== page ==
Engineering News

Graduate Students Celebrate Commencement

Virtual ceremony featured remarks by Dean Julio M. Ottino, alumnus Paul Gudonis

Northwestern University’s McCormick School of Engineering and Applied Science celebrated the graduation of its accomplished master’s and PhD students on Saturday, December 12.
 
Held virtually, the commencement recognized 327 master’s and 37 PhD candidates.
 
“It is somewhat difficult to find the balance between the spirit of the moment and the pride I have in each of you with the weight of everything happening in the world,” said Northwestern Engineering Dean Julio M. Ottino. “But despite the multitude of challenges we face, it is critical we carve out a moment to recognize and celebrate you and your tremendous achievement. We applaud the perseverance and grit that we have seen from you and those who supported your journey.”

The ceremony featured remarks by Paul Gudonis (’76), the chairman CEO of Myomo, a medical robotics company that offers expanded mobility for those suffering from neurological disorders and upper-limb paralysis. Their product, MyoPro, uses noninvasive sensors placed on the forearm and bicep to detect the patients’ own neurological signals and sense their intent to move.

Gudonis, a Chicago native now living outside of Boston, praised how graduates and the University adapted to the pandemic. His first piece of advice was inspired by Charles Darwin’s On the Origin of Species.
 
“It is not the strongest or most intelligent being that survives,” said Gudonis, a member of the McCormick Advisory Council. “Rather, it is the one that most successfully adapts to changes in its environments.”
 
Gudonis told graduates to consider their own life journeys. “My story of attending Northwestern was the result of curiosity, walking into a room, and discovering an interest via serendipity, which will play a major role in your life journey as well,” he said.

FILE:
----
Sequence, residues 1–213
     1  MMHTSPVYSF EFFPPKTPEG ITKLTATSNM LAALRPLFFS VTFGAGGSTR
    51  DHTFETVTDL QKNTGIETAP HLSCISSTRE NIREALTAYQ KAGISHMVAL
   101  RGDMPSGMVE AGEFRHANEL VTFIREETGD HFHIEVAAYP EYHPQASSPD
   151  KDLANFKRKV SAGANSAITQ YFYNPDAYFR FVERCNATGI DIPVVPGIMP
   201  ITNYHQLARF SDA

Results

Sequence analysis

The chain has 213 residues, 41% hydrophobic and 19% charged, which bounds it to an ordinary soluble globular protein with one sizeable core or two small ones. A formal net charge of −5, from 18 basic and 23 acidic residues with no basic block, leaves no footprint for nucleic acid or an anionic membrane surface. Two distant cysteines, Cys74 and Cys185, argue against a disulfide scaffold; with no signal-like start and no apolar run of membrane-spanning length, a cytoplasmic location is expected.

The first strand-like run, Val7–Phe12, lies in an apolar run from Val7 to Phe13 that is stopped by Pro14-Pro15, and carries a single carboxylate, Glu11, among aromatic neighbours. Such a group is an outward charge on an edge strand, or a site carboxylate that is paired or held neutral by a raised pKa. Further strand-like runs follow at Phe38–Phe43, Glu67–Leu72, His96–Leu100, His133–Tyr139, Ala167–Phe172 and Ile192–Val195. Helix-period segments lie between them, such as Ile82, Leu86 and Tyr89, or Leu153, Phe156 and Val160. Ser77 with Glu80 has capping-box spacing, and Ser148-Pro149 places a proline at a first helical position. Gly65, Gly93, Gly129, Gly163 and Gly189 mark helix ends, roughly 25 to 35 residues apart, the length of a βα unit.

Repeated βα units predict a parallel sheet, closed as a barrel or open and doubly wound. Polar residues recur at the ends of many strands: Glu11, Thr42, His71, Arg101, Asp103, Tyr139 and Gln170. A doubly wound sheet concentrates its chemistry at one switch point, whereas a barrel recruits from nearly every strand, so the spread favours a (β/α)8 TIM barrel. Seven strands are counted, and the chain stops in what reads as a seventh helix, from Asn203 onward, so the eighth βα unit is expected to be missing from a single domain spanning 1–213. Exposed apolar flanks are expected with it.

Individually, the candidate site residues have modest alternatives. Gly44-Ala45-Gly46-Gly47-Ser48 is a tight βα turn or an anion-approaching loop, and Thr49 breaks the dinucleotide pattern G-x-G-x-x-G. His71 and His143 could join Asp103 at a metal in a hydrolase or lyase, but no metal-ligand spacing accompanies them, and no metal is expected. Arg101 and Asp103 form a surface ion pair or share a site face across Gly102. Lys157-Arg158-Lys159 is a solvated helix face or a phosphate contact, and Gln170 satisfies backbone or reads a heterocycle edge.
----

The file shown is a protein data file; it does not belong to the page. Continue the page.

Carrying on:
After his studies at Northwestern, Gudonis moved toward a career that’s brought him great successes as well as some losses and setbacks. To survive the inevitable roller-coaster experience, Gudonis advised graduates to have resilience and persistence, and to carry on with self-confidence.
 
“I’ve developed a way of looking at the decisions you’re going to make, whether it’s choosing what job to take or academic positions to accept, finding a life partner, or moving to a new city, it’s like picking amongst several doors in front of you,” Gudonis said. “Each leads into a different room, and you don’t know exactly what’s in the room. Once inside, you realize that there will be several other doors on the back wall of that room, which are only available to you after you’ve stepped into the experience of the first room.
 
“So, get used to dealing with uncertainty and ambiguity.”
 
Recalling Chicago City Planner Daniel Burnham’s advice to “make no small plans,” Gudonis implored the new alumni to work on a big idea. To do that, Gudonis advised to “work with people you can learn from, recruit your own personal board of advisers, develop a mentor relationship, then become a mentor yourself.”
 
“I’ve seen too many smart people struggle because they thought they knew it all themselves,” Gudonis said. “Keep on learning. Read widely, not just in your technical field but use both sides of your brain as you’ve learned here at Northwestern.”
 
Ottino echoed that sentiment.
 
“When in a time of change, change bring challenges, and challenges bring opportunities. As whole brain thinkers, this is our time,” he said. “We must use our skills--building empathy, understanding user needs, identifying opportunities, pushing into the unknown, and advancing technology and knowledge to ensure that we drive change for the better.”